1. On 23 September 2020, the Foreign Ministers of the G4 countries, H.E. Mr. Ernesto Araújo, Foreign Minister of Brazil, H.E. Dr. Subrahmanyam Jaishankar, Minister for External Affairs of India, H.E. Mr. Motegi Toshimitsu, Minister for Foreign Affairs of Japan, and H.E. Mr. Niels Annen, Minister of State at the Federal Foreign Office on behalf of H.E. Mr. Heiko Maas, Foreign Minister of Germany, met virtually during the 75th session of the United Nations General Assembly.
2. “The world of today is very different from what it was when the United Nations was created 75 years ago. There are more countries, more people, more challenges but also more solutions. Our working methods need to keep pace and adapt. (...) We reiterate our call for reforms of three of the principal organs of the United Nations. We commit to instill new life in the discussions on the reform of the Security Council.”
These words from the declaration just adopted by all Heads of State and Government reaffirm our common resolve to finally take decisive steps towards the early and comprehensive reform of the Security Council that was envisaged by Heads of State and Government in the 2005 World Summit.
3. In keeping with this call, G4 Ministers highlighted the urgency of reforming the United Nations and updating its main decision-making bodies, in order to better reflect contemporary realities. G4 Ministers expressed disappointment at attempts to derail this process and committed to addressing the issue in a meaningful way and with increased urgency at this 75th anniversary of the UN.
4. As part of reforming the Security Council an expansion of the Security Council in both categories will be indispensable to make this body more representative, legitimate and effective, enhancing therefore its capacity to deal with the complex challenges the world faces today on questions of international peace and security. Only if we manage to reform the Security Council will we stop it from becoming obsolete. Broader membership of the Security Council, with increased and enhanced representation of countries with the capacity and willingness to contribute to the maintenance of international peace and security, including from Africa, will allow it to preserve its credibility and create the political backing needed for the peaceful resolution of today’s international crises.
5. G4 Ministers expressed their concern at the lack of any meaningful movement forward in the Intergovernmental Negotiations (IGN) on Security Council reform and expressed their concern that – after two sessions in February and March – the IGN was adjourned due to COVID-19 and no further meetings were held thereafter. However, virtual meetings or a written process could have taken place to allow for progress to be made in the previous session.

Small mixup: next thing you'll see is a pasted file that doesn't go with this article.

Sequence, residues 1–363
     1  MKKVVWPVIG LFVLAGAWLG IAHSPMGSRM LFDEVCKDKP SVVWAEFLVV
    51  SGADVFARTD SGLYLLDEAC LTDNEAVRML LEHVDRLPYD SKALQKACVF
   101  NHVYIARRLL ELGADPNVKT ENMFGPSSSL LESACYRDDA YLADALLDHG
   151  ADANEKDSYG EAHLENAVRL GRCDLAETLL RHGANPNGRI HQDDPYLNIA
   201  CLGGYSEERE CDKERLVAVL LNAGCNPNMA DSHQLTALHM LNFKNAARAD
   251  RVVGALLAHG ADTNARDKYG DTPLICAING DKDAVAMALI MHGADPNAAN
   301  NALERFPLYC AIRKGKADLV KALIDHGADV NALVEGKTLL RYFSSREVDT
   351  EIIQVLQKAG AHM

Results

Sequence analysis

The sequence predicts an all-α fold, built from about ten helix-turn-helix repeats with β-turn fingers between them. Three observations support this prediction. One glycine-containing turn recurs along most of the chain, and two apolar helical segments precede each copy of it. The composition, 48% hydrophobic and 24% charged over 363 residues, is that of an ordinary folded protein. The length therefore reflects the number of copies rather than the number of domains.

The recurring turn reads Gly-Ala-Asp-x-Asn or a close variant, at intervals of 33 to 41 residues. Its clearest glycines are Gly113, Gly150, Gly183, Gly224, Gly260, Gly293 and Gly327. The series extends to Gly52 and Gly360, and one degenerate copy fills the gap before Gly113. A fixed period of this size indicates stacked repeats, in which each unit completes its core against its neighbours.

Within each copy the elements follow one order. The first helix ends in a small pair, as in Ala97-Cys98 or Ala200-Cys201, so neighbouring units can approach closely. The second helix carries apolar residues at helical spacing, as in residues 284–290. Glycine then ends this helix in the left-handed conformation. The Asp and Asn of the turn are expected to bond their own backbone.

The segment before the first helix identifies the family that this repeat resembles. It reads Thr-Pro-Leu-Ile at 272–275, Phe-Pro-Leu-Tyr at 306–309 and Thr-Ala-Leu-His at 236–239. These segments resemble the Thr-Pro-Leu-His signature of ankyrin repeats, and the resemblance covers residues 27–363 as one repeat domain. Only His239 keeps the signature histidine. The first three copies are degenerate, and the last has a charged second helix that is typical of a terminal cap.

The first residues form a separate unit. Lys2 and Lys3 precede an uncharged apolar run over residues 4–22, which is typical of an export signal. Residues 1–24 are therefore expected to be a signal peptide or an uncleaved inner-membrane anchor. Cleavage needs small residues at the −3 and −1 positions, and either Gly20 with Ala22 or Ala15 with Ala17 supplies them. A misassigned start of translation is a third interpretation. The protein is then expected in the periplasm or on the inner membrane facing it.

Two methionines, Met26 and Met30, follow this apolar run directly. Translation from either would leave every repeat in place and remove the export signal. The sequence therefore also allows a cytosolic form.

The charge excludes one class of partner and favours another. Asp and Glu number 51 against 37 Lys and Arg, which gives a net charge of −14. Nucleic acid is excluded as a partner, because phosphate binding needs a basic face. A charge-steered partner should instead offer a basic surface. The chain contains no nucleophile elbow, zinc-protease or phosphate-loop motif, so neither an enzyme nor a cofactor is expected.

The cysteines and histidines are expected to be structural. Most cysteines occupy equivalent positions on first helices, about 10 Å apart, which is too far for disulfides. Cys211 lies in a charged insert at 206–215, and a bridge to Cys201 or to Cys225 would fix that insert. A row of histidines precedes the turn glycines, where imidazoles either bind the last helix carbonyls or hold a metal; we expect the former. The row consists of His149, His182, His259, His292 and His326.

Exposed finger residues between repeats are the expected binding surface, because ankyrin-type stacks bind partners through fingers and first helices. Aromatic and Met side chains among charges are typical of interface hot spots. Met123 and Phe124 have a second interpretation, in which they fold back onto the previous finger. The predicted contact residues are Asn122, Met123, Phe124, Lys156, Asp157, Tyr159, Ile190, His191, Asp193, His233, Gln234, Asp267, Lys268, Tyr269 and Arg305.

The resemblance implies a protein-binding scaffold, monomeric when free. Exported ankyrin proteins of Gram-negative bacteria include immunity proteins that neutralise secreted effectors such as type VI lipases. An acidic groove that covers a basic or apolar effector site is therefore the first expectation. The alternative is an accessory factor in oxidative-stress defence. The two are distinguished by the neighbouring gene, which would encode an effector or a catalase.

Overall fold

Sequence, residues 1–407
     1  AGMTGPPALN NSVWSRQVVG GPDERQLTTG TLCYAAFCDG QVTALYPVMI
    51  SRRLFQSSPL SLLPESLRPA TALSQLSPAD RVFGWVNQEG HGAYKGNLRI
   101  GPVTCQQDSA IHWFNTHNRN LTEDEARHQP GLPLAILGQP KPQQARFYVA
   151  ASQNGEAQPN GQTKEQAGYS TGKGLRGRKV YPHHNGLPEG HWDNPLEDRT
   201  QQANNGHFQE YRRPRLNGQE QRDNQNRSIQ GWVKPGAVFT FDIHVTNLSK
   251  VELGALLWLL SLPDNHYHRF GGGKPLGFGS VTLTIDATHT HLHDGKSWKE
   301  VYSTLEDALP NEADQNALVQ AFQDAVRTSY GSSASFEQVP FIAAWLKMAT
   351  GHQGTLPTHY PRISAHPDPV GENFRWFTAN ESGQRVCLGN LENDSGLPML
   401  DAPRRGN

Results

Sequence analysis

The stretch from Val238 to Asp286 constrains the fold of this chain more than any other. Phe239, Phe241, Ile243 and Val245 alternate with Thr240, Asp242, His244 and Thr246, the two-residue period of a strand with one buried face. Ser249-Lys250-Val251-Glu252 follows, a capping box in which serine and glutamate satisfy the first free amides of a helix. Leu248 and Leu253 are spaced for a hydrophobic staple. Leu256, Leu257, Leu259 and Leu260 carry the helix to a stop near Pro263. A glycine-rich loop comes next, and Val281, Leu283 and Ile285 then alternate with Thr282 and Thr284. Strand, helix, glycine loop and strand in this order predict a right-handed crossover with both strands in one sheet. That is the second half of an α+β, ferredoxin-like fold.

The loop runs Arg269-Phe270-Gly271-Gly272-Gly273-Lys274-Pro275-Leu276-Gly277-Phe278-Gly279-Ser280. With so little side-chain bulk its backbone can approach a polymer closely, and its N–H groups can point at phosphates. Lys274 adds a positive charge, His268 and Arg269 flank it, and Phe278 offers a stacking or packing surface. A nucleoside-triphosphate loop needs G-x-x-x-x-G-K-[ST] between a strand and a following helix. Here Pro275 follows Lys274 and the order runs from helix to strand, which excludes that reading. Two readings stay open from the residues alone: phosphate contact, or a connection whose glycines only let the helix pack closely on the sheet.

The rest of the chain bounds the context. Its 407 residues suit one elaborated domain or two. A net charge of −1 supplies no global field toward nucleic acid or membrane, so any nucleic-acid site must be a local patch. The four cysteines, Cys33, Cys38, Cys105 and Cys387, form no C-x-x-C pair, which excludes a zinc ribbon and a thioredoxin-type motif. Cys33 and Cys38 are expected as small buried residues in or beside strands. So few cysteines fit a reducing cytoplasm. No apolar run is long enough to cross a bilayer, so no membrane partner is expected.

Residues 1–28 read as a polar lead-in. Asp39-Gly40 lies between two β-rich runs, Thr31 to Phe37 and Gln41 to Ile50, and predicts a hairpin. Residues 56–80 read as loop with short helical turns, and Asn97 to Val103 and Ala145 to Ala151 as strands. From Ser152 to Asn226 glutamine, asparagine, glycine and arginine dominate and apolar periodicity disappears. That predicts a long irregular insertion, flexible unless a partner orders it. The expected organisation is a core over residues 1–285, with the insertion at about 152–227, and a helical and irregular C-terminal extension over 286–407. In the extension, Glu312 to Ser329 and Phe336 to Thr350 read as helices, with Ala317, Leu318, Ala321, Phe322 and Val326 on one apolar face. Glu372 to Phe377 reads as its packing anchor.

6. This progress should also have included a reflection of the Common African Position as enshrined in the Ezulwini Consensus and the Sirte Declaration. The recent session demonstrated yet again that the IGN lacks the necessary openness and transparency and is constrained by flawed working methods. The IGN should be guided by the decision-making requirements and working methods laid out in the Charter of the United Nations and in the rules and procedures of the General Assembly.
7. G4 Ministers are convinced that time has come to leave behind debates based solely on general statements, without substantive text based negotiations actually taking place in an intergovernmental setting. An overwhelming majority of UN Member States firmly support a comprehensive reform of the Security Council, and expect the IGN to deliver concrete outcomes in the 75th anniversary year of the United Nations. The IGN in the current session should start immediately as a direct continuation of the previous session.
8. G4 Ministers reiterated their support for each other’s candidatures as aspiring new permanent members in a reformed Security Council given the capacity and willingness to take on major responsibilities with regard to the maintenance of international peace and security. There is a clear need for an enhanced role of developing countries and of major contributors to the United Nations to make the Council more legitimate, effective and representative. Africa needs to be represented in both the permanent and non-permanent categories of membership of a reformed and expanded Security Council to correct the historical injustice against this continent with regard to its under-representation in the Security Council. What is needed is a representative UN Security Council to help us restore confidence in international cooperation and global governance – urgent more than ever in these testing times.
9. The G4 will continue to engage with other reform-minded countries and groups and pursue the start of text-based negotiations without delay. The Ministers expressed their determination to seek concrete outcomes during the 75th session of the General Assembly, instructing their delegations to support the efforts of the President of the General Assembly to promote early reform of the Security Council. Together, we need to work towards strong, legitimate United Nations.